A grant program was established in 1985 whereby classroom demonstration sites could be funded wherever successful classroom instruction on the Holocaust was occurring, and where others could visit and observe. As of this date, there were approximately 14 sites including the original two districts, Vineland and Teaneck. The teaching strategies include infusion program, full courses, special programs, and other forms of education about the Holocaust through art, music, literature, as well as social studies and history. Grants were made available also to Holocaust Centers, located in institutions of higher learning. The purpose of these Centers was to provide materials, consultations, resources, and training to the educators. In 1985 fourteen colleges participated and well over 15,000 persons received a half day to five day training programs.
It is interesting to note at this time that, in contract to the early programs, the participants represented all races and religious denominations, and many came from elementary as well as secondary levels and from areas as diverse as art and psychology.
The original curriculum developed in the '70's was updated and the Council sponsored an elementary curriculum be written. New Jersey made a major decision not to rely on one approach or one set of materials; rather, the direction has been an eclectic one, with outreach activities constantly being offered. A series of workshops were conducted for faculty at institutions of higher learning.
In 1990 the Council initiated efforts to make the Council a permanent State entity. The effort took one year, and in June 1991, Governor Florio signed legislation establishing under New Jersey law a Commission on Holocaust Education.
Beginning in 1980 the Council, and now the Commission, sent one or two individuals to study each year at Yad Vashem, Israel's Holocaust Remembrance Center. A number of colleges have also sent individuals. The participants became part of the consultant team to assist districts.
Between 1991 and the present, the goals were re-established, and the primary efforts continued. The major change occurring within the Commission was the in-depth discussion regarding the questions of mandating Holocaust Education in the public schools, and the need to provide updated curriculum for the teaching of the subject. The curriculum efforts began early in 1993, and the mandate questions, which was discussed and debated by the Commission for over a year, moved forward. In the spring of 1993, the Commission voted to carry out all efforts necessary to mandate the teaching of the Holocaust in the schools. The decision was made to take the legislative route, and in the spring of 1994, a Holocaust/genocide mandate bill was signed into law by Governor Christine Todd Whitman.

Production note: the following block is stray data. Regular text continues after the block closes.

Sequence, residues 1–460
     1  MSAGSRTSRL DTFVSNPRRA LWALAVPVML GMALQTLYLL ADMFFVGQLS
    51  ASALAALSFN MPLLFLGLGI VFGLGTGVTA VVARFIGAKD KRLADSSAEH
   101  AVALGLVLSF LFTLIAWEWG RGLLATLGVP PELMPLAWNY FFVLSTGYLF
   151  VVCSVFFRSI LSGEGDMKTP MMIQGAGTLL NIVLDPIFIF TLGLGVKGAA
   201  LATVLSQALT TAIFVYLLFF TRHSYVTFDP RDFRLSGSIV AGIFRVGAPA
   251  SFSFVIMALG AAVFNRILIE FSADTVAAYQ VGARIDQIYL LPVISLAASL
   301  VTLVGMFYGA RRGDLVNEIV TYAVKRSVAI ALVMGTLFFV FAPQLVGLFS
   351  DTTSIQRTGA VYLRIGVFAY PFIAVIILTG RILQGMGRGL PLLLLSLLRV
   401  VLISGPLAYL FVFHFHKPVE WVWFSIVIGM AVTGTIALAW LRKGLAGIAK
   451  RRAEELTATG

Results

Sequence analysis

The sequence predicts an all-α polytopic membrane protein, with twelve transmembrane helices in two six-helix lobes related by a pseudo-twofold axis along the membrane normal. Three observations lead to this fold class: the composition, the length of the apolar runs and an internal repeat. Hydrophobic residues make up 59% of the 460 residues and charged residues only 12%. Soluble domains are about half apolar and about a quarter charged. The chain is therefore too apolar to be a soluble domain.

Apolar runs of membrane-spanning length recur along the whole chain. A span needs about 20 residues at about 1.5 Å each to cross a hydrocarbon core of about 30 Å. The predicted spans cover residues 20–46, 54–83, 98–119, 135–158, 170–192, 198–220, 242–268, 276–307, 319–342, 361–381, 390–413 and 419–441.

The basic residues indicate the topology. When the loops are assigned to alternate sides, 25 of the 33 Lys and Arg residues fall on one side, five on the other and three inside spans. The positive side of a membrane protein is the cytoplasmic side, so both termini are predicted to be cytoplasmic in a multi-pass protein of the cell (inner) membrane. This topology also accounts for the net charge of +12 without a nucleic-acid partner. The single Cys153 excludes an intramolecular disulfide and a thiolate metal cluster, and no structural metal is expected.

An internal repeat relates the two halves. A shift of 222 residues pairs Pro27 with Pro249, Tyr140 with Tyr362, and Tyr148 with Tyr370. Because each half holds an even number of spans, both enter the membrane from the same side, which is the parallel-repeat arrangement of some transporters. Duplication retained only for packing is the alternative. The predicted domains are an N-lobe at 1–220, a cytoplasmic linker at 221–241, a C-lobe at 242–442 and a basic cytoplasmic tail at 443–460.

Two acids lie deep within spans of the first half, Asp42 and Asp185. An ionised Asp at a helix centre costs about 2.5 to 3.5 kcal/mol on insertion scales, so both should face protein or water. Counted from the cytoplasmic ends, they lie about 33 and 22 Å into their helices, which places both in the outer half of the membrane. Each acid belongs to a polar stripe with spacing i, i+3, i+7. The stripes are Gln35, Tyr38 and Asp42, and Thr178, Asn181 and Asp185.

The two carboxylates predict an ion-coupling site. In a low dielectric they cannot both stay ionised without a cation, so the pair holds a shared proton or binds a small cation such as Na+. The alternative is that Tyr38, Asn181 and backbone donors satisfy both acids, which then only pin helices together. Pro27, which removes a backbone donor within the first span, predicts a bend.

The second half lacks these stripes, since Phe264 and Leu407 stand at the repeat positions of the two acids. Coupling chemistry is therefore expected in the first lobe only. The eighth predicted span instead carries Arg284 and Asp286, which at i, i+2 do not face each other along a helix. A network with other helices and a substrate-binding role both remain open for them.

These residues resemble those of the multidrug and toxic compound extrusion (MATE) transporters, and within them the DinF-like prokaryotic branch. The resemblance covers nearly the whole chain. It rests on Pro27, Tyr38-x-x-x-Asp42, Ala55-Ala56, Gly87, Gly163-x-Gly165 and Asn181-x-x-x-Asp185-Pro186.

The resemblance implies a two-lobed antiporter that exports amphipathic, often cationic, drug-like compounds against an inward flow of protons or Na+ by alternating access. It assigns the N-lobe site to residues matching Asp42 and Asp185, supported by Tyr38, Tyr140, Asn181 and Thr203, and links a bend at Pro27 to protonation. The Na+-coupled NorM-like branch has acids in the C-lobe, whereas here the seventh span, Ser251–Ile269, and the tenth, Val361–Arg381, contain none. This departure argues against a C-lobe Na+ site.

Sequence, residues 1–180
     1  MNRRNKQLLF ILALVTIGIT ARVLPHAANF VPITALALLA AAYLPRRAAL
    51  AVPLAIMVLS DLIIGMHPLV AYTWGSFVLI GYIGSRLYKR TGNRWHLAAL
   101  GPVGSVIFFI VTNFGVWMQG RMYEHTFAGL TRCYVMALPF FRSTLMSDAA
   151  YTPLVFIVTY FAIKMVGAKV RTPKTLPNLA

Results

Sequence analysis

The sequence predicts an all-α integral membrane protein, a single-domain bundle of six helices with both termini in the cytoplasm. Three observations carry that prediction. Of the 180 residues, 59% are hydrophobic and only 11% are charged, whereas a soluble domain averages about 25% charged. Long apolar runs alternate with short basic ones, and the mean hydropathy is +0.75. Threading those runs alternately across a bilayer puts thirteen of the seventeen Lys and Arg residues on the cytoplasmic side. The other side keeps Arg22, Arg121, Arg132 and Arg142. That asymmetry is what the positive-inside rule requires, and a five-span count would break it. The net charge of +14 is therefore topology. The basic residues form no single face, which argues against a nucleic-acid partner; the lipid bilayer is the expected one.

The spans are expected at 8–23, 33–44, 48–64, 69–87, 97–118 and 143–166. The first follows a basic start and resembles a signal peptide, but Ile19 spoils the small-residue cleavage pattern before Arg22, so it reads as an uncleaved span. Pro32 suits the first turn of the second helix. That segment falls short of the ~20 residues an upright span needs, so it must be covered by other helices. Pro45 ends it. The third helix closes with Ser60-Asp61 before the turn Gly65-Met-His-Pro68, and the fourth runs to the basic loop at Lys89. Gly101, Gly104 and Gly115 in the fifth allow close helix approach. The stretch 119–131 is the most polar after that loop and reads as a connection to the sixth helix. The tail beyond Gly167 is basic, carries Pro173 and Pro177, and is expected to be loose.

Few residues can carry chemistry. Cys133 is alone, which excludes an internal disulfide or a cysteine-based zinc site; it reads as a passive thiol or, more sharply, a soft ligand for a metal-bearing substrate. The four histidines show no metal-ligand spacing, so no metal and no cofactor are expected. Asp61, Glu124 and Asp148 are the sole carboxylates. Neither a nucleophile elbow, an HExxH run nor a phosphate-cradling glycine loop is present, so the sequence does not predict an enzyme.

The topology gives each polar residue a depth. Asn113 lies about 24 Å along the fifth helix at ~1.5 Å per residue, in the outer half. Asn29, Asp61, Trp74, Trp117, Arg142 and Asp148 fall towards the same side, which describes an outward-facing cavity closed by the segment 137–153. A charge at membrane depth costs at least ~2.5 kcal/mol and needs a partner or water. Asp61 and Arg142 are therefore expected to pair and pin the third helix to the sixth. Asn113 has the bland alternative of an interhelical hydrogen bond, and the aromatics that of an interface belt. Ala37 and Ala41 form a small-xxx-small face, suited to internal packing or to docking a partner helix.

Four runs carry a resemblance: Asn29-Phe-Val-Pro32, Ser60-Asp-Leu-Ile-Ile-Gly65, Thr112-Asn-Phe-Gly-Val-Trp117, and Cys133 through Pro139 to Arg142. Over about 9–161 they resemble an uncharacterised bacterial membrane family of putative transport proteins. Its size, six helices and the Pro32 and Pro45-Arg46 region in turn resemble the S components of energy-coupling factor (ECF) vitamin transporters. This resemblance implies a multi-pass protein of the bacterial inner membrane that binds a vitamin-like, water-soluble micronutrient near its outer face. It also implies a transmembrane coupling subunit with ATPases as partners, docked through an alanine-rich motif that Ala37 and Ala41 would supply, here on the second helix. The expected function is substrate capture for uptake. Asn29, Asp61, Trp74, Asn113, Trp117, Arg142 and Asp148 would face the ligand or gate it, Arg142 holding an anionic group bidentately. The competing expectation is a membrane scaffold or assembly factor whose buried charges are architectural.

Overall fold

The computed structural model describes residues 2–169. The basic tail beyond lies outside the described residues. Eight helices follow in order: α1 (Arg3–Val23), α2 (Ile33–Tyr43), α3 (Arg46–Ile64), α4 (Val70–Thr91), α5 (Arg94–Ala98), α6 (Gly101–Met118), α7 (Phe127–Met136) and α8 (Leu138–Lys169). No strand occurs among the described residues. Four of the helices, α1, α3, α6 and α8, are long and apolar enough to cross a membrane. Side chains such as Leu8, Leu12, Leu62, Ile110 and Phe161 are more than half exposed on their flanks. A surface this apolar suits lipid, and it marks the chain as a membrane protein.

During the 1994-1995 school year, proficiencies for grades K-12 related to the teaching of the Holocaust were developed and curriculum to meet the proficiencies was completed during the summer of 1995.
A series of workshops in the spring of 1995 were conducted in all areas of the State to introduce educators to, and to assist them in developing strategies to meet the mandated legislation.
Activities in the 1995-1996 school year included assisting local school districts in their implementation plan. These activities consisted of teacher training programs, direct consultation, and the development of a guide to agencies and resources to assist the educators.
During the summer of 1996, the New Jersey Commission on Holocaust Education sponsored a special seminar for educators that took the participants to some of the most important sites of the Holocaust in Europe and to Israel's leading institutions on the study of the Holocaust. The group began its tour at Wannsee, the site of the planning of the "Final Solution". They went on to visit Poland where the largest and most infamous of the death camps were located. The trip concluded in Israel, with studies at Yad Vashem. This proved to be a moving and enlightening experience for the teachers and others attending and it was decided to make it an annual event. To date, over 120 educators have attended.
In the Fall of 1996, the Commission endorsed other curricula which could be used in the study of genocide (which was part of the mandate), including the Great Irish Famine, the Armenian Experience, the Cambodian and Native American Genocide, along with the Ukrainian atrocity by the Russians.
In October 1995, an Association of New Jersey Holocaust Centers was formed to coordinate activities among the many Holocaust Centers and Sites throughout the State, and to create on-going communication between the Centers and Sites and the Commission. To date, there are 21 such centers.
Over the years a number of major statewide programs have been held, such as the presentation of the children's opera "Brundibar" (originally stages and performed in Terezin Concentration Camp), and a new play, "Wallenberg". An activity which has given the Council, and now the Commission, great pride and much visibility is the coordination of the annual New Jersey Kristallnacht and Holocaust Remembrance Day (Yom HaShoah) programs. During 1994, a major trip to the U.S. Holocaust Memorial Museum in Washington was implemented and is now an annual event as is the summer trip to Germany, Poland and Israel.